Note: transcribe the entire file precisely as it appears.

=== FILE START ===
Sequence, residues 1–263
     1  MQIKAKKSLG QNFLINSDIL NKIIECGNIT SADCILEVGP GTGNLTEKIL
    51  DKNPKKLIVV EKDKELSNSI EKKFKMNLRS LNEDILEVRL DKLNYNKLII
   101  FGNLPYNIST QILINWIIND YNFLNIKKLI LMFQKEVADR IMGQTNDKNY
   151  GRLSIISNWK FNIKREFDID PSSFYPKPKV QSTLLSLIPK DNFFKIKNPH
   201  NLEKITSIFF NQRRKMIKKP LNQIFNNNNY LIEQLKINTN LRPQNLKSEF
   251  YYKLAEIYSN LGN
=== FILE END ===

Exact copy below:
Sequence, residues 1–263
     1  MQIKAKKSLG QNFLINSDIL NKIIECGNIT SADCILEVGP GTGNLTEKIL
    51  DKNPKKLIVV EKDKELSNSI EKKFKMNLRS LNEDILEVRL DKLNYNKLII
   101  FGNLPYNIST QILINWIIND YNFLNIKKLI LMFQKEVADR IMGQTNDKNY
   151  GRLSIISNWK FNIKREFDID PSSFYPKPKV QSTLLSLIPK DNFFKIKNPH
   201  NLEKITSIFF NQRRKMIKKP LNQIFNNNNY LIEQLKINTN LRPQNLKSEF
   251  YYKLAEIYSN LGN